), called also Dioxippus,
a physician of Cos, who was one of the pupils of the celebrated Hippocrates, and lived in the fourth century B. C. (Suid. s. v. Δέξιππος
.) Hecatomnus, prince of Caria (B. C. 385-377), sent for him to cure his sons, Mausolus and Pixodarus, of a dangerous illness, which he undertook to do upon condition that Hecatomnus should cease from waging war against his country. (Suid. ibid.
) He wrote some medical works, of which nothing but the titles remain.
He was blamed by Erasistratus for his excessive severity in restricting the quantity of drink allowed to his patients. (Galen, De Secta Opt.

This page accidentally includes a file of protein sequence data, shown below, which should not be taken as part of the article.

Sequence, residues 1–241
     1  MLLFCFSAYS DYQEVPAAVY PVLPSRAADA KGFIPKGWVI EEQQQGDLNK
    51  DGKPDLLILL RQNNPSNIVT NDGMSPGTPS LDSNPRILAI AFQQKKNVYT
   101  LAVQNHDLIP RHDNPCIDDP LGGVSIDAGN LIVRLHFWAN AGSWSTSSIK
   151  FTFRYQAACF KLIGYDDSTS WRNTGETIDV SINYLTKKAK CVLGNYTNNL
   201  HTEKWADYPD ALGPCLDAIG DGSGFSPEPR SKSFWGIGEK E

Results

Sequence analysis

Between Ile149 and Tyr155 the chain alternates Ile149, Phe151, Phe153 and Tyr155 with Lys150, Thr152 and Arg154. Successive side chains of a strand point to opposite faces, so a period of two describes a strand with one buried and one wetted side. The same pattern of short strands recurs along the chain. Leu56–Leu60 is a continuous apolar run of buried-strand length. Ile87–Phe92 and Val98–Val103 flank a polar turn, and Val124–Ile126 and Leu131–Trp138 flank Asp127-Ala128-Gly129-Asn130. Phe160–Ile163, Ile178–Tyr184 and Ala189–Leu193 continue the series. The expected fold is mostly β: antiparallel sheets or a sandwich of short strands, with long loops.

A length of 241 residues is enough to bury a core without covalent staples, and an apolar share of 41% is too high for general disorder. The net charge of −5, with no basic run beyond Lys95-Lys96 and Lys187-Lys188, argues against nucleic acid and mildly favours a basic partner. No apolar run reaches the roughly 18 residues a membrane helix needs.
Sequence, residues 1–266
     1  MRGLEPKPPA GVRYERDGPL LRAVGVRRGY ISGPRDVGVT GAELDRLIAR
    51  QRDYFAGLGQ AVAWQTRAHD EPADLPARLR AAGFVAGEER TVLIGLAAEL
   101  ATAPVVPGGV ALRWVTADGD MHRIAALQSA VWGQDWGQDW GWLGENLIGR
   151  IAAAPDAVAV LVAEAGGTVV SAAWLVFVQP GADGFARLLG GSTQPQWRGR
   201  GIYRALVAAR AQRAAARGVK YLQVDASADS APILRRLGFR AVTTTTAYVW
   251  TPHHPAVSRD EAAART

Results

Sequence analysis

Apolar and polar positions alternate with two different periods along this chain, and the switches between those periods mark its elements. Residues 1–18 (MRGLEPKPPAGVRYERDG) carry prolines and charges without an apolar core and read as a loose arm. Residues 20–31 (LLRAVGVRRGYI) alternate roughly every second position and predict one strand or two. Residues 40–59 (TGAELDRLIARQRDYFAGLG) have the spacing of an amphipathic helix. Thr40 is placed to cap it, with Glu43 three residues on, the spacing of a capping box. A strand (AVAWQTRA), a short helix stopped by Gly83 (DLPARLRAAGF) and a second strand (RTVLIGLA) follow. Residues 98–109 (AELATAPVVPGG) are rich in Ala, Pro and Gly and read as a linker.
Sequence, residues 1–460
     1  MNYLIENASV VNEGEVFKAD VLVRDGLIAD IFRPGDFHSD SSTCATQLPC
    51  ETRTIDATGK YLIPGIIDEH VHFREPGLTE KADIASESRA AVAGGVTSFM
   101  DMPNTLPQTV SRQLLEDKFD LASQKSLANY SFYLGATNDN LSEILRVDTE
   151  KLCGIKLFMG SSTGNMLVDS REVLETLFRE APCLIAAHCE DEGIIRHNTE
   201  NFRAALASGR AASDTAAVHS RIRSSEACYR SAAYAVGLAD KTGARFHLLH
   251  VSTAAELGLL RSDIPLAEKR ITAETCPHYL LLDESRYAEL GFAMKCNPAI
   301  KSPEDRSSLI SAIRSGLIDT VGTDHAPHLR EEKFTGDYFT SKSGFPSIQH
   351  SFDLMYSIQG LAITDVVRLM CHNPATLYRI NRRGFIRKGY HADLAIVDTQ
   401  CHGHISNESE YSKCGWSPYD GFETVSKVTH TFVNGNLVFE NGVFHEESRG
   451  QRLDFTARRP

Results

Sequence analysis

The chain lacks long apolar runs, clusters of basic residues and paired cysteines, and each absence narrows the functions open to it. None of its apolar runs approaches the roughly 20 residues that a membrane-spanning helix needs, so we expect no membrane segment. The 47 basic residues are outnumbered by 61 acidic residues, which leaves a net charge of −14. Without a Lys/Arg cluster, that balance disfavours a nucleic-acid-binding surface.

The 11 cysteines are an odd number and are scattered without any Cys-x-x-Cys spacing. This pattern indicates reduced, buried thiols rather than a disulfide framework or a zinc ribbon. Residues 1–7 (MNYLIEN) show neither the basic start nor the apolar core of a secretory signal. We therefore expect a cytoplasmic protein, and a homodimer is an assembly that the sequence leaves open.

100.14, vol. i. p. 144; Comment. I. in Hippocr.
"De Rat. Vict. in Morb. Acut.
" 100.24, Comment. l.c.
38 and Comment. IV.
100.5. vol. xv. pp. 478, 703, 744; De Venae Sect. adv. Erasistr.
100.9, vol. xi. p. 182.) IIe is quoted by Plutarch (Sympos.
7.1) and Aulus Gellius (17.11
) in the controversv that awas maintained among some of the ancient physicians as to whether the drink passed down the windpipe or the gullet.